An era of inline 6 M3s was next produced, and the engines that powered these cars won the hearts of many owners. Considering the significant proliferation of the E36 and E46 M3 – perhaps it’s no surprise that the majority of us romanticize the M3 to eternally have an inline 6 under hood.

The current generation M3 sports a banging V8 that revs well past the stratosphere, reaching 8,400 rpm at redline. Revving through its rev-band is nothing short of sublime. I could do it all day long, gear after gear, just for the thrill of it: the sound, the accompanying acceleration, and the incredible balance and smoothness. No one can say that putting this splendid V8 in the M3 was a mistake – but even so, many at the time complained that BMW were straying 2 cylinders too far from the ultimate M3 recipe.

Opposite Lock: A Collective Sigh of Relief

Of course, if we really wanted to be historical and adhere to the tenets of the classic, we would beseech the folks at M to produce an inline 4 M3 – but no one is beating to the rhythm of that war drum. No one. We want the thrill of greater horsepower, and we revel in the inherent smoothness of the inline 6 layout.

What we know for sure is that BMW M have and continue to produce some of the most incredible and technologically advanced engines the world has ever known – at any price point. Consider the V12 6.1 liter “S70/2″ engine found amidships in the McLaren F1. Or even the small but mighty 1.6 liter currently powering MINI JCW products – this engine is has been collecting awards (and trophies) for many years. BMW knows engine design. And BMW M knows how to make an engine special.

Opposite Lock: A Collective Sigh of Relief

Thankfully, unlike the 1M, which is powered by a very thinly modified production engine found in the “iS” cars, the new M3 will have a heart unique and bespoke to the car. It will be a worthy successor to the M engines of decades past. While we’ll bemoan the loss of revs, we’re confident it will embrace its turbocharging to produce its own unique, torquey character – much like the M5 has taken on a whole new, fearsome character with forced induction.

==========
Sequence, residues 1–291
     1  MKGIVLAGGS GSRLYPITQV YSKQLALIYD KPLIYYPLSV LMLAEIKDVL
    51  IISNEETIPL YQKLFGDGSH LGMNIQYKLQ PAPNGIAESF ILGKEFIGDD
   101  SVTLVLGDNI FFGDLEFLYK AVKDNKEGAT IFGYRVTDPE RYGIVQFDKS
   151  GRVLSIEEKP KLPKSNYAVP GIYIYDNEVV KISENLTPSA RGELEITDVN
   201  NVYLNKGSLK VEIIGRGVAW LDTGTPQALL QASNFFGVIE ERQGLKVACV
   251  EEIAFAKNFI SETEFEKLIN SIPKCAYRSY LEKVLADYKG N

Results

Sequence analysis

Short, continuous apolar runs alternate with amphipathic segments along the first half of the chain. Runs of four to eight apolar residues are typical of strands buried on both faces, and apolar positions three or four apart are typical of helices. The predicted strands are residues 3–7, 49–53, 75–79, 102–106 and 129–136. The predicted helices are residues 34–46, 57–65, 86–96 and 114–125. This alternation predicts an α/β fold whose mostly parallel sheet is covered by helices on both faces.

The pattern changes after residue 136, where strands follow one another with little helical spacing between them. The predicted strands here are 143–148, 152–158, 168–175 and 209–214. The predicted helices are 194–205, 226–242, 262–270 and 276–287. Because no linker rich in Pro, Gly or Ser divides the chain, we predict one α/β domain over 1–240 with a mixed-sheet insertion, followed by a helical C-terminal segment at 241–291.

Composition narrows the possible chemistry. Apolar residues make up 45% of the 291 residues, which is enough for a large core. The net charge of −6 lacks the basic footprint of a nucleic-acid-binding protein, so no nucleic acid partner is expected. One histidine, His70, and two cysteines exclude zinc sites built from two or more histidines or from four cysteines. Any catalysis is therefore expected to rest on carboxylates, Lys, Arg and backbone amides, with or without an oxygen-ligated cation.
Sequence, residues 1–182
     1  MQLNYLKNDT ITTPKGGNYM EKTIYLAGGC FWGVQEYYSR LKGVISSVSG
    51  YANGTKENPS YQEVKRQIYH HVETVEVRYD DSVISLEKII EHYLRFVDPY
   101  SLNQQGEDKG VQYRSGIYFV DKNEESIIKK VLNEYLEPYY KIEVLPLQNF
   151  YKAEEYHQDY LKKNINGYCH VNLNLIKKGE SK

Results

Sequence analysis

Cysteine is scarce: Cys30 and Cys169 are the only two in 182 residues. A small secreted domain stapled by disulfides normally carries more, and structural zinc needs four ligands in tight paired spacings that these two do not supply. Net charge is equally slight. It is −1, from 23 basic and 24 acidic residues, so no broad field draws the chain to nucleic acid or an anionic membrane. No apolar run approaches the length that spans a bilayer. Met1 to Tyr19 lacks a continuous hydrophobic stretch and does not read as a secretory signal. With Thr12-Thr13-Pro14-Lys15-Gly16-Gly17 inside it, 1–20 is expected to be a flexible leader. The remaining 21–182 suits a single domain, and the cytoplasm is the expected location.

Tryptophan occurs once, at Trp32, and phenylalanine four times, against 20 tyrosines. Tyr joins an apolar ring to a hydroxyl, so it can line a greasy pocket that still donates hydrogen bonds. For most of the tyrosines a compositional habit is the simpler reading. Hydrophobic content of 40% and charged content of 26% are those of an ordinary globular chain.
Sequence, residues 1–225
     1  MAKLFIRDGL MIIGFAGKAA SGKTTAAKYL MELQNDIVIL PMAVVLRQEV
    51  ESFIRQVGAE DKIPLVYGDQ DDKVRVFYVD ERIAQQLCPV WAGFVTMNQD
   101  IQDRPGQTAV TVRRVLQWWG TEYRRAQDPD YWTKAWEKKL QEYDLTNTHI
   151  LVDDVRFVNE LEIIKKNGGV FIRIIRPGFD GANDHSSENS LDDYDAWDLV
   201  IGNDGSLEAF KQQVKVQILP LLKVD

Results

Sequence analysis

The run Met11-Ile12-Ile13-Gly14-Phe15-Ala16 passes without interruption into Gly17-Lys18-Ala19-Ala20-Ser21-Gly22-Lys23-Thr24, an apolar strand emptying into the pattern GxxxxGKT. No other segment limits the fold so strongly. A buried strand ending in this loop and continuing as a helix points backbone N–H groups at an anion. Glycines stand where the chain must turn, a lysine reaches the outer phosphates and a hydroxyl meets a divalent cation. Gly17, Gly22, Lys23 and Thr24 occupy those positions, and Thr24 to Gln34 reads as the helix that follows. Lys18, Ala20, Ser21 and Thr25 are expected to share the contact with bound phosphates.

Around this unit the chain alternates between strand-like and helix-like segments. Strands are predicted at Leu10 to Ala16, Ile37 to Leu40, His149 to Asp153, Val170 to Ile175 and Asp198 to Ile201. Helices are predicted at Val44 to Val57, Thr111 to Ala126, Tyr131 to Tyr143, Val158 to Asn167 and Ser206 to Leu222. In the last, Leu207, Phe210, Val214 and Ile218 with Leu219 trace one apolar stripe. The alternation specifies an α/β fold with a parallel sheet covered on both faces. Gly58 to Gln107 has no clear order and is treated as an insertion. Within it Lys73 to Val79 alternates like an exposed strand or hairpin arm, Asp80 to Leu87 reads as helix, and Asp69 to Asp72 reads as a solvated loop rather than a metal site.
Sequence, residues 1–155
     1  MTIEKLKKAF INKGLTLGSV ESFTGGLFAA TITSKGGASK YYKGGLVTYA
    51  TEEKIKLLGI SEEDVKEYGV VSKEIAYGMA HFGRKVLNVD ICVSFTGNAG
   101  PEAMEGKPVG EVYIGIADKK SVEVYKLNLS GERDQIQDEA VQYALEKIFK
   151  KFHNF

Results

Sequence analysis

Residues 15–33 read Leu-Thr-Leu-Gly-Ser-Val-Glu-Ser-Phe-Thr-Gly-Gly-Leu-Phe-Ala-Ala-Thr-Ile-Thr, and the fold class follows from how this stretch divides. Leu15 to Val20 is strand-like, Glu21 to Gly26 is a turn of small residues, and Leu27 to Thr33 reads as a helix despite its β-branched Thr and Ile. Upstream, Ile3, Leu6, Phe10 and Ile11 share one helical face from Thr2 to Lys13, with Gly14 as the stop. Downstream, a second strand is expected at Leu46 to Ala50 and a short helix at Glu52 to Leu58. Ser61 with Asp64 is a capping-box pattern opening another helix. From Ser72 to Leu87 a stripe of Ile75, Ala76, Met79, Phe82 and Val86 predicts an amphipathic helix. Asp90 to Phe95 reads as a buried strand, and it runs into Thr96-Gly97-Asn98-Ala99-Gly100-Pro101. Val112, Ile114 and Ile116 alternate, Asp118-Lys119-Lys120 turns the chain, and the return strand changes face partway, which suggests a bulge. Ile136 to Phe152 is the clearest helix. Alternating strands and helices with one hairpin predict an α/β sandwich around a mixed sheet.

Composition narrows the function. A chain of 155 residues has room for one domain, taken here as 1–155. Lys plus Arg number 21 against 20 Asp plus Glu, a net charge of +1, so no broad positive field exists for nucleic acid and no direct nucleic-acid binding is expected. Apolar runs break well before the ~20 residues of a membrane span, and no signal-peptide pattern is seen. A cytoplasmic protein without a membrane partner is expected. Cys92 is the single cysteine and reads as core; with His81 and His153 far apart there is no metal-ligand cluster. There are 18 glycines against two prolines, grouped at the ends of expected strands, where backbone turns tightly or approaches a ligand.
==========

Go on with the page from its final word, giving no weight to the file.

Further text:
In a new, significantly lighter chassis this new M engine will need to hustle much less heft. The performance standards of the modern sports car are shifting; acceleration and braking times are dropping while top speeds and lateral G loads are increasing. To keep pace with the industry and consumer expectations, the new M3 will likely sprint to 60 mph in 4.0 seconds or less, and will achieve better handling and grip than ever before. It will also feature the most advanced aero package ever fitted to an M car. Many parts, features and lines will make the new M3 a heart-throb, but at the end of the day, it’s the engine that captures our heart. Whether it sports one, two, or even three turbos, it will no doubt be exotic – the center jewel in the crown that is the M3.

Opposite Lock: A Collective Sigh of Relief

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  • Giom

    Tradition is both necessary and dangerous. In my opinion, it’s tradition that brought on the demise of the Amercan and British motoring heyday. Once, they produced something so good, no one wanted to change a thing. Bad idea! The only thing these once auto giants has to show for, are great classics!